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If as White you absolutely want to have the French pawn chain on the board, then you will choose the Advance Variation and right on move three put your e-pawn on e5. This is because 3.Nc3 and 3.Nd2 both allow 3...dxe4, which White does not have to fear but which leads to a totally different type of position. The early advance 3.e5 does do without the gain of tempo against a Nf6, but in return the pawn prevents the development of the knight to f6. And, as in the Tarrasch Variation, White now plans to support his pawn chain with c3 after ...c5. The early development of this system was undertaken by Louis Paulsen (1833–1891) and Aaron Nimzowitsch. In the late 20th century Evgeny Sveshnikov took up their ideas and became one of the pioneers of this opening. The fixing of the central structure on move three imposes a clear pattern on the game. In the duel of the pawn chains, the main agenda will concern plans and manoeuvres.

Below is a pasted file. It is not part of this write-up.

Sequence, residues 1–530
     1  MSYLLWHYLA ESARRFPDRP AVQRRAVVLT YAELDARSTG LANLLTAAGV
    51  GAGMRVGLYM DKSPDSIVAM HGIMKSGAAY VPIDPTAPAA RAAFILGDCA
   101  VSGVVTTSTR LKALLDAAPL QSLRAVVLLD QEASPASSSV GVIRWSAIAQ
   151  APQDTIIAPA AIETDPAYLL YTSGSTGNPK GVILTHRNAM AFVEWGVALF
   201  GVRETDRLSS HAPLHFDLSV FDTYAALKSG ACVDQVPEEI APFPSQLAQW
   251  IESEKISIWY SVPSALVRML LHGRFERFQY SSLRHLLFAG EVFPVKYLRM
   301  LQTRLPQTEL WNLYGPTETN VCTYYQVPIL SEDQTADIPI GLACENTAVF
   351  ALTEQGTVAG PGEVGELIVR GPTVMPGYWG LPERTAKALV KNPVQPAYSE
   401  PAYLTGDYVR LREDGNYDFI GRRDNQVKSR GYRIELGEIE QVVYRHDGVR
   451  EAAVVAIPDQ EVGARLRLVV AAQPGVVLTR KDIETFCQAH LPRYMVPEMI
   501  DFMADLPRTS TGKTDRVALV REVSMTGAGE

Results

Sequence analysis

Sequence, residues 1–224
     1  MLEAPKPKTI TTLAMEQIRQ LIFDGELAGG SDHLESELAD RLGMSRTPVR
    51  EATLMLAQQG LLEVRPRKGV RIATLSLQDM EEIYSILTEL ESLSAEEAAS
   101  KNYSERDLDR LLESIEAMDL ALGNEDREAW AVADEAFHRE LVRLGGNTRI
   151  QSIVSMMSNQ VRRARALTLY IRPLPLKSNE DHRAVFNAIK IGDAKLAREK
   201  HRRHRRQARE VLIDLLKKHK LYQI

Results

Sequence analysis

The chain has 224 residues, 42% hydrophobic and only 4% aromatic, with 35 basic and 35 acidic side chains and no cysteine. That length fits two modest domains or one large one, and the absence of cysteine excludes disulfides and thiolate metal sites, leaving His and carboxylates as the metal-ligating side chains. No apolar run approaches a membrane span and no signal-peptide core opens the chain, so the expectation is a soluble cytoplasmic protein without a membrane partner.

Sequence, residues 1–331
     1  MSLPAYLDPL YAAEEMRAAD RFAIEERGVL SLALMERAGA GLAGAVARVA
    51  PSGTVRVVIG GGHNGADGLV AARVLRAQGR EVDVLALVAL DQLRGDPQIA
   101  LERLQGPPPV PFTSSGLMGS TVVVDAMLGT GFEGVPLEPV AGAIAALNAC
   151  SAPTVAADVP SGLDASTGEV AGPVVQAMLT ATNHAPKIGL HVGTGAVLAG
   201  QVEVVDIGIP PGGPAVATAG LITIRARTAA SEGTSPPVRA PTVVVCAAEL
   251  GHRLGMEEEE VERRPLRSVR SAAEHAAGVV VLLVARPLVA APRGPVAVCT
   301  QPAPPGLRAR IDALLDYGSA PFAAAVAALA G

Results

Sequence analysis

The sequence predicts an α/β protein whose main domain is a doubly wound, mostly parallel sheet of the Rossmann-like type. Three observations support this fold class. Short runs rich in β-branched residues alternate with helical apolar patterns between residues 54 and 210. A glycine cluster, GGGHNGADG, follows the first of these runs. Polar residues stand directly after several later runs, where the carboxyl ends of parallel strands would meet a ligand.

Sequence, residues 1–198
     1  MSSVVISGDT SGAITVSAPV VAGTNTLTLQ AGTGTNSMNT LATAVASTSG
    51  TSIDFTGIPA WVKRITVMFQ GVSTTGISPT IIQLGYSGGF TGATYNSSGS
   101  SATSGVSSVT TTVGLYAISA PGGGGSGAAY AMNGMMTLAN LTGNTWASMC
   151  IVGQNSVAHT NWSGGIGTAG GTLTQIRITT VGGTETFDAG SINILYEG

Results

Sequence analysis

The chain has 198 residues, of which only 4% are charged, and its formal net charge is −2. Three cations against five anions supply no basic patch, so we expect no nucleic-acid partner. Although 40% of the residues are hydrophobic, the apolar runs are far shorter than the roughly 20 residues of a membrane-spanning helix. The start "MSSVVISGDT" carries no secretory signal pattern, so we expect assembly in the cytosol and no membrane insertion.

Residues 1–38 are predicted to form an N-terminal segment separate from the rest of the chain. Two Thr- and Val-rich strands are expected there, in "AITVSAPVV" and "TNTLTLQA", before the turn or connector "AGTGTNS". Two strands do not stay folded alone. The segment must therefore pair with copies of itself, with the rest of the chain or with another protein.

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Beating the French according to Kupreichik
1.e4 e6 2.d4 d5 3.e5 c5 4.c3 Nc6 5.Be3!?. Andrew Martin uses the games of Kupreichik to show why this line could catch many French aficionados unprepared and is very dangerous for Black.
by Andrew Martin
Know the Terrain Vol. 4: The advance French structure
The structure arising in the French Advance can be found in a number of different openings (Queen’s Indian, Catalan, etc.), and in introducing you to this structure, IM Collins equips you with ideas that can be applied in a host of positions, helping you